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CASE REPORT
Year : 2020  |  Volume : 68  |  Issue : 5  |  Page : 924-926

Anomalous extraocular muscles in Crouzon syndrome with V-pattern exotropia


Department of Ophthalmology, Ajou University School of Medicine, Suwon, South Korea

Date of Submission10-Jun-2019
Date of Acceptance22-Oct-2019
Date of Web Publication20-Apr-2020

Correspondence Address:
Dr. Seung Ah Chung
Ajou University Hospital, 164, World Cup-ro, Yeongtong-gu, Suwon - 16499
South Korea
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Source of Support: None, Conflict of Interest: None


DOI: 10.4103/ijo.IJO_1121_19

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  Abstract 


Strabismus associated with Crouzon syndrome is common and often complex. V-pattern strabismus is most commonly reported in this condition and is mainly thought to be due to an excyclorotation of the orbits and rectus muscle pulleys. We report two cases of children with Crouzon syndrome and V-pattern exotropia who had rectus muscle heterotopy on orbital imaging and were also found intraoperatively to have anomalous extraocular muscles. At the time of surgery, bifid insertion, misdirection, and fibrosis of extraocular muscles were noted. This highlights the various causes of V-pattern strabismus associated with Crouzon syndrome, including dysmorphic orbits and extraocular muscle anomalies.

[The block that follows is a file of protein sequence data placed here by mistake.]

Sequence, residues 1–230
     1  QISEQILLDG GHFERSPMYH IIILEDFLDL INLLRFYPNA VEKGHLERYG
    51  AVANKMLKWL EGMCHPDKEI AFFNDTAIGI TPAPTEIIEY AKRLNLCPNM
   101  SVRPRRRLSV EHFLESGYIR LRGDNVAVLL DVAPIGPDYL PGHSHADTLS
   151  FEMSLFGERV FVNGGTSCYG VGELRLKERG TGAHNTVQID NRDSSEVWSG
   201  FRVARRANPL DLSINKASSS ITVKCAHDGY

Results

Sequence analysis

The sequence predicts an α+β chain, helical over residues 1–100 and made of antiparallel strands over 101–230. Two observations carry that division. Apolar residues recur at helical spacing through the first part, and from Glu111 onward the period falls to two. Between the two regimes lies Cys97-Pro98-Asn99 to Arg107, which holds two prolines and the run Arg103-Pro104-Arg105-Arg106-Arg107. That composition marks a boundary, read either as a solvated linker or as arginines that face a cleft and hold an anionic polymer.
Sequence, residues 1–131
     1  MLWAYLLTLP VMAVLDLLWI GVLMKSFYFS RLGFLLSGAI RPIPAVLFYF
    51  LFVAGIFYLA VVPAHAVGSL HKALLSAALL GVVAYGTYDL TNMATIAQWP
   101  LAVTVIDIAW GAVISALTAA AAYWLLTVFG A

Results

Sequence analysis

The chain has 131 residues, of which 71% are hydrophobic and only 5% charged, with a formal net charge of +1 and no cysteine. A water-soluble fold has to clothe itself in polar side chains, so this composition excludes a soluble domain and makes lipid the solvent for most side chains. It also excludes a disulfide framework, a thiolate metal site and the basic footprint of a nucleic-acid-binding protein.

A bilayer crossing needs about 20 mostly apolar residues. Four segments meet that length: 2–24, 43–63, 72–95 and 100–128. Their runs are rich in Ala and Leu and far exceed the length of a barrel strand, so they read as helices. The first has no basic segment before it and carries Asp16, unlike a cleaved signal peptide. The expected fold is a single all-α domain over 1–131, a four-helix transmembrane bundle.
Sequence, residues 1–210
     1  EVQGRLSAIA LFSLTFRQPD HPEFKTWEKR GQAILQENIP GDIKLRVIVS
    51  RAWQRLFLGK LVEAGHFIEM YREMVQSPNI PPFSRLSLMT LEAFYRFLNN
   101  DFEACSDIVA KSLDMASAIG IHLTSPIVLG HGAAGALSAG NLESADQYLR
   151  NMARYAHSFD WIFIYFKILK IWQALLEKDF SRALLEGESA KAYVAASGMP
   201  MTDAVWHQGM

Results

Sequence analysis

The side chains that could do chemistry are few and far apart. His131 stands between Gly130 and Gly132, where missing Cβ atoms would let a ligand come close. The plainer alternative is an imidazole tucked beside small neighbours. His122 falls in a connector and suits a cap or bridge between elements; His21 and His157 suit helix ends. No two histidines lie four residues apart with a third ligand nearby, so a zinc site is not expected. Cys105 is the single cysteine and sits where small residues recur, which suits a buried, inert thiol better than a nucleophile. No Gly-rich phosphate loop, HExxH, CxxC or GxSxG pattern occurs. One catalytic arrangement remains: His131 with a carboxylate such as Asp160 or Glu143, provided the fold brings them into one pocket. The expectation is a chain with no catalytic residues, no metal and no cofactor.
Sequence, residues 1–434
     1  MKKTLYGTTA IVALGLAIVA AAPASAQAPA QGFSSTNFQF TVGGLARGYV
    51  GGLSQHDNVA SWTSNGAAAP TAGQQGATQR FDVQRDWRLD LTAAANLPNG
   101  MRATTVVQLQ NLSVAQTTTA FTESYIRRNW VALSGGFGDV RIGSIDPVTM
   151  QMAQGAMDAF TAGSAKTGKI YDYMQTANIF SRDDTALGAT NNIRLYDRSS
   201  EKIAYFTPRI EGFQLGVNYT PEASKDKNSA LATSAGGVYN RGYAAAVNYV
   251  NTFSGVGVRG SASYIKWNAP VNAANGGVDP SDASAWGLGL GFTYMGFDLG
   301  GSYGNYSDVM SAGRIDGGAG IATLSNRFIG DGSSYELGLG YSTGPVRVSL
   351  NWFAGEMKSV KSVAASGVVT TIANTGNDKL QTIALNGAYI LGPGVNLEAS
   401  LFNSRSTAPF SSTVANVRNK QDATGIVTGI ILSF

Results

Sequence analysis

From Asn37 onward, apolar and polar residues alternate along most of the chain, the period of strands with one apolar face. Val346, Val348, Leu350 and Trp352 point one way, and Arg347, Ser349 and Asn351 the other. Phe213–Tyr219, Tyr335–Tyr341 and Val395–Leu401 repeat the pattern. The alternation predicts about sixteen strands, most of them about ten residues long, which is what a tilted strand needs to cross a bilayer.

Keywords: Crouzon syndrome, extraocular muscle anomalies, V-pattern strabismus


How to cite this article:
Chung SA, Lee SY. Anomalous extraocular muscles in Crouzon syndrome with V-pattern exotropia. Indian J Ophthalmol 2020;68:924-6

How to cite this URL:
Chung SA, Lee SY. Anomalous extraocular muscles in Crouzon syndrome with V-pattern exotropia. Indian J Ophthalmol [serial online] 2020 [cited 2020 May 26];68:924-6. Available from: http://www.ijo.in/text.asp?2020/68/5/924/282909



V-pattern horizontal strabismus has been reported as the most common deviation in Crouzon syndrome.[1],[2],[3] Various theories have been proposed as causes of the V-pattern.[2],[4],[5],[6] It is most likely related to the excyclorotation of the rectus muscle pulleys based on the findings of orbital imaging.[1],[2],[5],[6] In addition, anatomical abnormalities of extraocular muscles are relatively common in the patients with Crouzon syndrome and also considered as a contributing cause of strabismus.[3]


  Case Reports Top


Case 1

A 4-year-old boy with Crouzon syndrome and a confirmed heterozygous mutation in the fibroblast growth factor receptor 2 (FGFR-2) gene (c.1030G>C) was referred for ocular misalignment. He had undergone an expansion cranioplasty with trans-suture distraction osteogenesis at 3 years of age.